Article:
Last week, U.S. Rep. Al Lawson, D-Fla., showcased his “Income-Driven Student Loan Forgiveness Act” which would make the U.S. Education Department “provide federal student loan forgiveness to borrowers who make less than $100,000 per year.”
Lawson brought out the bill in the middle of last month though it has not garnered much traction in recent weeks.
“Due to the pandemic, stagnant wages and unemployment are having a negative impact on college graduates who are unable to make enough to pay back their loans. The Income-Driven Student Loan Forgiveness Act as introduced will help more than 43 million Americans who are buried under $1.6 trillion in federal student loan debt by wiping out all of their undergraduate loan debt,” Lawson’s office noted.
“Americans are burdened by student loan debt now more than ever with 69 percent of college students taking out loans to accommodate the increasing cost of higher education. This is greater for communities of color. More than 40 percent of African-American families have student loan debt and typically take on more debt to attend college,” Lawson’s office added. “Studies show that canceling student debt would help narrow the racial wealth gap, provide immediate relief to millions of Americans during the pandemic and recession, and provide a consumer-driven stimulus to the economy.”
Lawson weighed in on the bill on Thursday.
“Canceling student debt will help increase economic activity and provide our nation’s graduates with the relief and opportunity they deserve,” Lawson said. “Students and families are taking on tens of thousands of dollars in debt to pay for a quality education. Large amounts of student loan debt prevent young adults from making large purchases, like cars and homes, and it prevents them from having the capital necessary to contribute to our economy in innovative and creative ways. The Income-Driven Student Loan Forgiveness Act will alleviate pressure on our borrowers and give them a better start in life.”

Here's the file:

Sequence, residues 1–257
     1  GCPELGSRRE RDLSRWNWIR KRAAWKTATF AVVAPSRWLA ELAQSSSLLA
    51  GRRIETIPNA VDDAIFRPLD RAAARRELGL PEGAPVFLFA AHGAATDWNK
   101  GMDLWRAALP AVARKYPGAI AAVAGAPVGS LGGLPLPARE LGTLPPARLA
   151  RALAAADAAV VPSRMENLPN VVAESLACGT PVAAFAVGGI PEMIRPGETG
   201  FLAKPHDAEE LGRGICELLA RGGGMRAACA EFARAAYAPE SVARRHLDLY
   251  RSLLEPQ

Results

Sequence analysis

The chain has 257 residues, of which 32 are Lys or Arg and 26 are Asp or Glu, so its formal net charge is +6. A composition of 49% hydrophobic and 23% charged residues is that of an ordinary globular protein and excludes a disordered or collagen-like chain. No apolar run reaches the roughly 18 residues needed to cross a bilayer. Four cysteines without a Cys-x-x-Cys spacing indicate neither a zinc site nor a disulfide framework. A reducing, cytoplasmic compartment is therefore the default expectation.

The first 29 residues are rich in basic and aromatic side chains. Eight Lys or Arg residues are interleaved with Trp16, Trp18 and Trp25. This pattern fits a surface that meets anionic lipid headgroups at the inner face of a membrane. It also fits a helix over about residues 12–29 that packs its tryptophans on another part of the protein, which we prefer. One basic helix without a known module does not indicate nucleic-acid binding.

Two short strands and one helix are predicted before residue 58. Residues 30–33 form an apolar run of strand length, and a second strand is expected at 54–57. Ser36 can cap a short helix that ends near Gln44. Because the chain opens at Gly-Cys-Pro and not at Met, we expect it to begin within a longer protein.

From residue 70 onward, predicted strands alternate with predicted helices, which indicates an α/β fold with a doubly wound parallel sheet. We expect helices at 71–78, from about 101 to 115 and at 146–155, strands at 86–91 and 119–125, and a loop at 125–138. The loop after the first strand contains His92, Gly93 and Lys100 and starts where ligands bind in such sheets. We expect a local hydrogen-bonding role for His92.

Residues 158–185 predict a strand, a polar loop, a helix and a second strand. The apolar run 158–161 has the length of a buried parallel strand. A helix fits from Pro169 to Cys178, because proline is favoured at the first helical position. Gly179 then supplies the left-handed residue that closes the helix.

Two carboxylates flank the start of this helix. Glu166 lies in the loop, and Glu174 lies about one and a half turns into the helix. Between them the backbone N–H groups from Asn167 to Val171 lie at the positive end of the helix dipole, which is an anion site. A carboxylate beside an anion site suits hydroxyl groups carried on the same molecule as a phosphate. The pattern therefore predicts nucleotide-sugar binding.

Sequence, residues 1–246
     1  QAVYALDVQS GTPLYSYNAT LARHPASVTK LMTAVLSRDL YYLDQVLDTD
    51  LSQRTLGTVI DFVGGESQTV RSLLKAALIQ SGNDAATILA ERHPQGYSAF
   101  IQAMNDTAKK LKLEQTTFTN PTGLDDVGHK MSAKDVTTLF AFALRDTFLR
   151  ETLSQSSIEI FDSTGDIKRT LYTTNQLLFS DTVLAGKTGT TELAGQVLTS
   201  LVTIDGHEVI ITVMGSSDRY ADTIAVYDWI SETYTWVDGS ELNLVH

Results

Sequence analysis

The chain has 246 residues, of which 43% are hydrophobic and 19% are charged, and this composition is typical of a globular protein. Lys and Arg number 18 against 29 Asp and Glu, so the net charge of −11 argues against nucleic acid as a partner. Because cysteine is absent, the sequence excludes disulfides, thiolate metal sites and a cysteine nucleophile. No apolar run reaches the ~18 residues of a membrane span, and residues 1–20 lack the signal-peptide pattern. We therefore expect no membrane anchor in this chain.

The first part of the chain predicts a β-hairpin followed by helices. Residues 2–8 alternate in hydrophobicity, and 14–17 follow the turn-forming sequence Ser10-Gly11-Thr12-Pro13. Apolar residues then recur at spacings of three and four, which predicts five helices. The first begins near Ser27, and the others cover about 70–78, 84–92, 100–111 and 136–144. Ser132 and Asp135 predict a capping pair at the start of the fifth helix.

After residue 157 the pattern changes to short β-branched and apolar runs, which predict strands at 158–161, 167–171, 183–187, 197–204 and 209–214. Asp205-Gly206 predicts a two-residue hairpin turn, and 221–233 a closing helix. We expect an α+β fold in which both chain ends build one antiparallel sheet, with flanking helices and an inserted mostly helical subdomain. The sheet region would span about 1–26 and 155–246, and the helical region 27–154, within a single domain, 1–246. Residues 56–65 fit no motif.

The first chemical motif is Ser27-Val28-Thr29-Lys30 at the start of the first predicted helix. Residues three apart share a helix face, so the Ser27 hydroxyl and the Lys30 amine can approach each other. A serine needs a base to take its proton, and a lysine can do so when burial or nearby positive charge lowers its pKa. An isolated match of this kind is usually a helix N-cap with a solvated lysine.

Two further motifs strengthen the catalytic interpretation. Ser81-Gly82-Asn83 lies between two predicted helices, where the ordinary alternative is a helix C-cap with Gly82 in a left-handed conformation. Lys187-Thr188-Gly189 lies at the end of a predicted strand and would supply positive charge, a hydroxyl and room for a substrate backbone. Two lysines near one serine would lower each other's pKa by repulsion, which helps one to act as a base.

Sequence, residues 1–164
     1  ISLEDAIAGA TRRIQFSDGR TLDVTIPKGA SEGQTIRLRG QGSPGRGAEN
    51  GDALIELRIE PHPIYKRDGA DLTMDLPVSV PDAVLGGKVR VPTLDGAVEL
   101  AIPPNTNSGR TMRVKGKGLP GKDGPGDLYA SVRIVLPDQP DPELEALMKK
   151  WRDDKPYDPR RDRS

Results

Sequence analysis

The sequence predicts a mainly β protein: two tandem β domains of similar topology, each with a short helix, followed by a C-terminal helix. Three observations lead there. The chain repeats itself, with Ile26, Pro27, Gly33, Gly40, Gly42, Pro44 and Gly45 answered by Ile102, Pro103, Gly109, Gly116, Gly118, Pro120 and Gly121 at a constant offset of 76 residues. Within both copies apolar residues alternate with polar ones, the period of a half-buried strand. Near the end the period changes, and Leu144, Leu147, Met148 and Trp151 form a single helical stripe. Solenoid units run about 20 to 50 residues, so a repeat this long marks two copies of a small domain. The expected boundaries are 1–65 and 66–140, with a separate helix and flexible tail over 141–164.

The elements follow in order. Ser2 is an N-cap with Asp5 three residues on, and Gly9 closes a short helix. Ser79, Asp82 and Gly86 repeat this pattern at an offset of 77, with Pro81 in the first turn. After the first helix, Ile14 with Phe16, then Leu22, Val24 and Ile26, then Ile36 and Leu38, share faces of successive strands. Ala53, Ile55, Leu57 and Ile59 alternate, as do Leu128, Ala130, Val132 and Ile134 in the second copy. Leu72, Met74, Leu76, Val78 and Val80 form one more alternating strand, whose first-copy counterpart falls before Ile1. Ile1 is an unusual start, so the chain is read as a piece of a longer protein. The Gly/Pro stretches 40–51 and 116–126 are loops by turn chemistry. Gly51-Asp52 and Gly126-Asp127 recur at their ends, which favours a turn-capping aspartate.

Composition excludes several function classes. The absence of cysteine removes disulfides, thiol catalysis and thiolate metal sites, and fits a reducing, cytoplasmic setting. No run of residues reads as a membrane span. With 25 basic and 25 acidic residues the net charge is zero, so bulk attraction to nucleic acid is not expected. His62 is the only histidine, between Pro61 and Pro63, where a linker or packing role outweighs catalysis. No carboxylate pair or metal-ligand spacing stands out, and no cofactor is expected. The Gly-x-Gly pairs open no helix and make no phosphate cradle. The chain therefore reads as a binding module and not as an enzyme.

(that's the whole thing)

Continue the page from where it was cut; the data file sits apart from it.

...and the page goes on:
The bill was sent to the U.S. House Education and Labor and the Ways and Means Committee last month. So far, Lawson has not reeled in any co-sponsors in the House and there is no companion measure over in the U.S. Senate.
Lawson is also backing another student loan payment reform. Two months ago, congressional Democrats, led by U.S. Sen. Chuck Schumer, D-NY, U.S. Sen. Elizabeth Warren, D-Mass., and U.S. Rep. Ayanna Pressley, D-Mass., introduced a resolution calling on President Joe Biden “to tackle the student loan debt crisis by using existing authority under the Higher Education Act to cancel up to $50,000 in student loan debt for federal student loan borrowers” and have him “use executive authority to cancel student loan debt and ensure there is no tax liability for federal student loan borrowers resulting from administrative debt cancellation.”
Backers of the proposal noted that more than 43 million Americans have $1.6 trillion in federal student loan debts.
Lawson backed that proposal.
“Student debt is holding millions of Americans back, and the COVID-19 pandemic is making it harder for those with student loans to make ends meet right now,” Lawson said. “Providing student debt relief will help Floridians weather this crisis, increase economic activity and provide our nation’s students with the relief and opportunity they deserve.”
Congressional Republicans lined up against the proposal.
“It’s terrible policy, terribly unfair to people who worked hard and paid their tuition without taking the loans,” U.S. Sen. Pat Toomey, R-Penn., said. “What about all the extremely affluent people who are going to just get a $50,000 giveaway from the federal government? It’s terrible policy.”
“I just think it’s kind of a dangerous path to head down,” said U.S. Sen. John Cornyn, R-Tex. “To basically say that people don’t have to live up to the agreements they’ve made to me is a bad, bad idea. ”
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